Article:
The Supreme Court rightly held that section 17 of the Copyright Act would not apply to rob a “pseudo” collecting society of the required locus standi if such entity obtained the exclusive rights in question prior to 10th May 1999 (the commencement date of Copyright Amendment Decree No. 42 of 1999). However, in looking only to the issue of right of action of an owner, assignee and/or exclusive licensee of copyright, the court did not appear definitive on the question of locus standi as it relates to copyright infringement occurring after the commencement date of the Decree. Indeed, the right of action will only exist if the condition preceding (in this case, the approval of the NCC) the conferment of the right is met. For example, Nigerian citizens above the age of 18 have a right to vote under the constitution. But, the electoral laws require eligible voters to have a permanent voter’s card (PVC) in order to vote. In the absence of the PVC, an eligible voter who was prevented from voting cannot harp on his/her right to vote as he/she has no right to vote in such circumstances.

Kat standing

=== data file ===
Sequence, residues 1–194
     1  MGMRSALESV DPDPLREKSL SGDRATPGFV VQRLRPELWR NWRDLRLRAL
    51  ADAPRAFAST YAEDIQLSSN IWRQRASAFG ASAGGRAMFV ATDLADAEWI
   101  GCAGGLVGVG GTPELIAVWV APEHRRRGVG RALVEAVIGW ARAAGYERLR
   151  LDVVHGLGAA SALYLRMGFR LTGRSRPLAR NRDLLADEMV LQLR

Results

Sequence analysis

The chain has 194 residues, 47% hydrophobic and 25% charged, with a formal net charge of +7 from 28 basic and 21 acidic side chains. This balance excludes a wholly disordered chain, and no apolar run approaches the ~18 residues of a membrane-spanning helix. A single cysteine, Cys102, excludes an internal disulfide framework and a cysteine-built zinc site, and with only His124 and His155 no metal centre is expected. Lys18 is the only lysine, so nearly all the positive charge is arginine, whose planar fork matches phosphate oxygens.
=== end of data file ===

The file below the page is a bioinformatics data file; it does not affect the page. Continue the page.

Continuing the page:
In the present circumstances, it would have been helpful for the court to make a definitive statement regarding entities such as the MCSN which at the time of instituting the suit had the object of negotiating and granting licenses and collecting and distributing royalties, without the approval of the NCC. That is not say that the Supreme Court was wrong to focus solely on issues canvassed before it – whether section 17 had retrospective effect in removing a property right (copyright) that existed prior to the commencement of that provision. This is clearly permissible.

 
There is no gainsaying the fact that when clients pay counsel to commence litigation on their behalf, they are paying for results within the ambit of the law. However, while technicalities such as “relying on absence of retrospective effect in relation to a right of action” gives quick results to clients and is clearly permissible under the law, it leaves Nigeria’s copyright law and policy weak.


As opined elsewhere, the courts in Nigeria are yet to categorically define the concept of the “business” of a collecting society even though they acknowledge that collecting societies are owners, assignees and exclusive licensees of copyright by virtue of the assignment given to them by each of their members. A definition of this concept will help to determine which entities require the approval or licence of the NCC to validly operate and to have the locus to sue for copyright infringement occurring at a time when such entity should have obtained approval from NCC. While South Africa has sought to provide this definition by legislation, neither Nigeria’s courts nor its Copyright Amendment Bill, which is currently before the legislative arm of government, has devised a definitive solution to this conundrum.”